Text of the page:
Why it’s been difficult to develop a standard coronavirus test

Mar 16, 2020, 1:11 PM
Coronavirus testing, blood...
Testing for the coronavirus continues to ramp up. (Getty Images)
(Getty Images)

Part of the difficulty with testing and determining infection numbers for coronavirus is that we’re still learning about it as we try to catch up with the outbreak. Chief Medical Officer at PRO Medical Dr. Gordon Cohen joined Seattle’s Morning News to discuss the current state of the coronavirus test.

“The problem with the coronavirus in general is that we don’t know enough information and so we’re learning as people are getting more and more sick, and we’re seeing what happens with the natural course of their disease,” Cohen said. “Some people die, some people recover. Some people have very mild symptomatology.”

Why has it been so difficult in this country to develop standard coronavirus testing? Dr. Cohen explains.

“There’s been a lot of criticism about our ability in the United States to do the test and our ability to ramp up rapidly now. I think there’s a few reasons for that. One of them is that the FDA oversaw the whole process and had controls over the CDC and the NIH in terms of their ability to develop a test,” he said.

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“The second thing is initially a lot of centers were just developing their own test, and this is what’s happened around the world, whereas in the United States we wanted to have one single test that was consistent throughout the entire country so that we could better understand the disease, and frankly, I think that’s the right thing to do, although it’s taking longer to do.”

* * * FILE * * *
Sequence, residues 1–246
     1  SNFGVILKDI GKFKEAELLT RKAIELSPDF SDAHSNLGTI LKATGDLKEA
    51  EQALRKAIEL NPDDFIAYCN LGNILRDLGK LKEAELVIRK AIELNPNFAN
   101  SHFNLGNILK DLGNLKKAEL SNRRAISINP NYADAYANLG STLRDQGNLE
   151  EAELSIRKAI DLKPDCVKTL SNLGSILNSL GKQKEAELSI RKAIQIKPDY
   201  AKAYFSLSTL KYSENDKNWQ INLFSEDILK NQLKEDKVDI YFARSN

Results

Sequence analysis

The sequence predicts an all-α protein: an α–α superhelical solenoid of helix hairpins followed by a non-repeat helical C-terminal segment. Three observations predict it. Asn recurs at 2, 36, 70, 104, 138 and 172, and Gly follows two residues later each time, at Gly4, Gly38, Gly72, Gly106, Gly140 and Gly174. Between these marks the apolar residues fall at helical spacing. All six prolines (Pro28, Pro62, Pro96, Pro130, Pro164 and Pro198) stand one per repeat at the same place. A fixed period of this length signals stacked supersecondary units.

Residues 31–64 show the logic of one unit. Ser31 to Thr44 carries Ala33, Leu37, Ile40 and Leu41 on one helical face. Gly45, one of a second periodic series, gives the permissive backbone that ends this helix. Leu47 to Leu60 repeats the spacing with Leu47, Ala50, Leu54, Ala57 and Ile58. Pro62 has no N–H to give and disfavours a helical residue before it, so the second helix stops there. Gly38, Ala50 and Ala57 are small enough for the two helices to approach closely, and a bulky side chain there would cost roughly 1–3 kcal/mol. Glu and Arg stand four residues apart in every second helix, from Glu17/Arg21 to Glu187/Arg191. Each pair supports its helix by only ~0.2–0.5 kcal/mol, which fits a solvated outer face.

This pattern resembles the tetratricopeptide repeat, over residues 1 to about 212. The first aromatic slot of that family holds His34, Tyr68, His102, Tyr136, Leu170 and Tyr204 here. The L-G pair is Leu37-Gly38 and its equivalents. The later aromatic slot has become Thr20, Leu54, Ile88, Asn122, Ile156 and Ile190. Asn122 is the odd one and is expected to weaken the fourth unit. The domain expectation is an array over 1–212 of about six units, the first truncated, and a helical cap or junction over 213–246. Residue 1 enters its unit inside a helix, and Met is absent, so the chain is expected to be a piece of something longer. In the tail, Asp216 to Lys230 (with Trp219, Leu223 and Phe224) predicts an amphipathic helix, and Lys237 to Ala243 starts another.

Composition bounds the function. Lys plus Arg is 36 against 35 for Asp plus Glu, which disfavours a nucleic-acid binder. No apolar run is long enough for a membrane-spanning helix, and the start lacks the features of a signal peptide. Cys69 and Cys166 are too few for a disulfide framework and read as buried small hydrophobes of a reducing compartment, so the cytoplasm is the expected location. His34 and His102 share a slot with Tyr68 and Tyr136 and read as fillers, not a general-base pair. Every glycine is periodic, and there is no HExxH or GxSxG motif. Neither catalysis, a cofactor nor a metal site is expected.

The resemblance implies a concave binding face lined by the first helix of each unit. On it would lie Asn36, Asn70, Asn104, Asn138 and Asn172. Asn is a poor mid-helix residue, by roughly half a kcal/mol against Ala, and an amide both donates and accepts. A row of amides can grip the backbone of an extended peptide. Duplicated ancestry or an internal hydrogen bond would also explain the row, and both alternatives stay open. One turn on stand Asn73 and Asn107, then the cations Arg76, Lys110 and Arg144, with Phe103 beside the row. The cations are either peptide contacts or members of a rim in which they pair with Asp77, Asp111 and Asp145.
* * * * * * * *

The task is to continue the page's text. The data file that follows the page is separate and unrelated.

When there are different labs each working on their own coronavirus test using different reagents, the potential for inaccurate results exists, further complicating the issue.

“There could be an excessive number of false positives and excessive number of false negatives. So what the CDC wanted to do was create one standardized test for the entire country. And unfortunately, the first test that they sent out had a problem with one of the reagents. So they’ve had to redo it. But nonetheless, they’re working now very rapidly on getting out a single standardized test to be run by all the labs across the country.”

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Additionally, Cohen said the labs may not be set up to do this particular type of test, which means there’s training involved, and facilities may need to be modified.

“So it’s not as simple as just making a bunch of kits and sending them to a bunch of labs and saying, ‘Here, do the test.'”

He stressed the need to increase testing, especially of those with symptoms, so we can gain a better grasp on how the this disease is behaving and how to effectively combat it.

“It is important from a public health point of view to test virtually anybody who’s symptomatic so that we understand the disease and how it’s behaving. One of the problems with this virus is that there’s no information,” Cohen said. “Out of a world of seven billion people, we’ve got 165,000 cases, and it’s spread across 120 plus different countries.”

“So we don’t really understand how the disease really transmits very well, although we’re learning. We don’t understand the lethality of it, although we’re learning, and we don’t even necessarily understand how it affects different age groups. … Ultimately, more data will come from more testing associated with various demographics, various medical histories and other information that could be used to better deal with how to treat this disease.”

Listen to Seattle’s Morning News weekday mornings from 5 – 9 a.m. on KIRO Radio, 97.3 FM. Subscribe to the podcast here.

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Why it’s been difficult to develop a standard coronavirus test